I’m working on a series of sculptural pieces that are woven in linen, each made specifically to relate to a piece of found metal. I then manipulate the cloth so that it responds directly to the metal: encasing it, wrapping it, slotting through it etc. The metal is then allowed to stain the weave where it is in contact with the rust, with the aid of seawater.
The first uses a metal pipe that I collected on Holkham Beach in Norfolk. The object is linked to the place in my mind because that is where I found it. It is therefore completely ‘of the place’ to me, even if the object has no other significant link to there: I have no idea what its history is prior to me picking it up.
The next piece takes a metal hoop as as starting point. The strip of tapestry weave sits gathered and looped within the hoop, extending either side.
The third piece is shown here just off the loom with its warp ends still waiting to be finished, but looking rather beautiful in their wild arrangement. There is a hole in the cloth, ready for its designated metal to slot into.
Each stage of the process is slow and to be savoured: the weaving by hand, beating each weft down to cover the warp; stitching each warp thread back into the weave; the staining of the cloth by the rusty metal as it dries.
At Easter I collected some mud from a tributary of the Severn Estuary, whilst down in Somerset. The tubs of this lovely mud have been sitting patiently in my studio, waiting for me to open them up and play with their wonderful smooth contents. I’ve been weaving away at a long strip for quite some time and this came off the loom last week. Although it was woven on a table loom, once off the loom I manipulated it so that most of it became densely packed, covering the warp in a tapestry weave structure.
This morning the strip was coated in the silky estuarine mud. Freshly muddied and still wet it has taken on a ceramic quality. It will dry slowly now and its surface quality will change as it does so. I’m looking forward to seeing what happens to the surface as it changes.
I’m developing some new work in the studio at the moment. I’m experimenting with various weave techniques and enjoying being back at a loom. I have a table loom that was rescued from going in a skip a few years ago. This spends most of its time sitting in my studio looking rather redundant but I’m making good use of it now. I’m preparing a series of samples, on which I will then experiment with other processes. I love the act of actually making a structure that becomes a fabric and I’m aiming to end up with some quite three-dimensional pieces… but that could all change.
I am also playing about with an inkle loom (shown above). When I acquired my Grandmother’s floor loom (currently sitting redundant, but maybe over the winter it will see some action) there came with it a whole load of paraphernalia, much of which I didn’t know what to do with. Sadly, Granny died before my career change and my professional interest in textiles developed so I didn’t get to share this interest with her. She spun wool and wove rugs on the loom I now have and I wish I’d had an opportunity to learn from her experience. I do have some of her rugs though, as well as a couple of her paintings.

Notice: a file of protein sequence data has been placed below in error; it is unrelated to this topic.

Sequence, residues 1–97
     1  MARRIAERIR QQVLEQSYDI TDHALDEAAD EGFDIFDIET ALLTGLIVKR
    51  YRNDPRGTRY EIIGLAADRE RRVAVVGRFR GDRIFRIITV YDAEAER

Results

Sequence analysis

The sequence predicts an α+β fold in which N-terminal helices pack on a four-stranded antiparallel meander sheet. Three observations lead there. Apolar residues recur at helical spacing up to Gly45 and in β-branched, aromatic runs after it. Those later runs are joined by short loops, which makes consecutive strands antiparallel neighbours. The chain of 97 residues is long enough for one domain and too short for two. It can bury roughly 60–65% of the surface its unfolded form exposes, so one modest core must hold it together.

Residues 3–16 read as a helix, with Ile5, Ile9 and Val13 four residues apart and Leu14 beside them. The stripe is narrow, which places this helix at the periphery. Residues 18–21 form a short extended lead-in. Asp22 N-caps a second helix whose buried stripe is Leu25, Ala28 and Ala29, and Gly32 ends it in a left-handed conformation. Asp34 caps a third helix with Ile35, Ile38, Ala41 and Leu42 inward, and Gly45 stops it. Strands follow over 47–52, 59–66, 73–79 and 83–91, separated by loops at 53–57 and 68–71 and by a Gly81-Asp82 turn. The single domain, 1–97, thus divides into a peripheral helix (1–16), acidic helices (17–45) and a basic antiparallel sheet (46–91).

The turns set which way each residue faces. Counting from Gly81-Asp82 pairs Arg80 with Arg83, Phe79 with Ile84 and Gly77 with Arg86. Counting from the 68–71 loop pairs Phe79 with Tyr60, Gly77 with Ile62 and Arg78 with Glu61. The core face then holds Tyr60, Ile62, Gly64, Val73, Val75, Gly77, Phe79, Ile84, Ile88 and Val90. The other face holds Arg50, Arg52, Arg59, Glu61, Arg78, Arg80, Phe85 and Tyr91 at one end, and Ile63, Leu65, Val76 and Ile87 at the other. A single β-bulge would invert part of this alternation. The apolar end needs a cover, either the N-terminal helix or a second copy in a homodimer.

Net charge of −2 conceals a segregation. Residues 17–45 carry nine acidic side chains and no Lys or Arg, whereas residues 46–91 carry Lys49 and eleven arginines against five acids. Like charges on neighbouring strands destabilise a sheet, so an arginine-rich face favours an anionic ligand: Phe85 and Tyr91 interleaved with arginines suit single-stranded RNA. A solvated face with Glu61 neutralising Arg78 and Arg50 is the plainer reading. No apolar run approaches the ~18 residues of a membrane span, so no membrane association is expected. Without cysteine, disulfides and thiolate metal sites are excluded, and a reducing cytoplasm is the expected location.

One item amongst the box of wooden accessories I realised was an inkle loom and I’ve just been working out how to use it. I bought a book but this still wasn’t very clear and I realise how different it can be to learn something when you are shown what to do rather than trying to understand a written instruction. With the help of various online instructions and a couple of false starts I got the thing warped up and have started to weave on it. I even found Granny’s little heddles, made from some strong yarn, that had sat in amongst other things and I hadn’t realise what they were for. They’re still strong and now in use on the loom.
And as if those two looms aren’t enough, I’ve got a couple of tapestry frames on the go too for more samples.
I’ve been asked about the frame I’m using for my weave samples. Here is the full frame. The late-autumn light is not good for photographing things successfully at the moment and we’ve had some particularly grey days. My samples haven’t progressed as I’d have liked due to many other things happening but my frame and its narrow warps are slowly being populated by little investigations.
I’ve been using some of the string that bound previous rust bundles. These are variously dyed themselves so when they are woven they produce random stripes and mottles.
I am enjoying the discipline of weaving again. I have also put a first warp on the four shaft table loom I rescued earlier in the year so I’m switching between loom and frame. In both I feel that plain weave offers so much potential. I love the simplicity of it and the focus on the action, the repetitiveness, the discipline of achieving evenness and a straight edge. There is so much scope for exploring subtle texture and colour that I’m not sure I will ever tire of it. I admire complex weave patterns in others’ work but for now plain weave has enough to hold my attention.
I have, sitting on my kitchen table, a lovely four shaft table loom.
I rescued it from going in a skip at my kids’ school yesterday and still can’t quite believe my luck!
It is in need of a little care and attention: one of the strings that lifts a shaft is frayed and almost broken. But really it is in pretty good condition and I wonder how long it has been sitting in a store room un-used and un-loved.
While I’m talking about studio equipment, let me introduce you to my new printing press: I bought this just before moving house and it has been wrapped up ever since, waiting for the studio to be sorted enough and set up to use it. I’m hoping it won’t stay this shiny for long!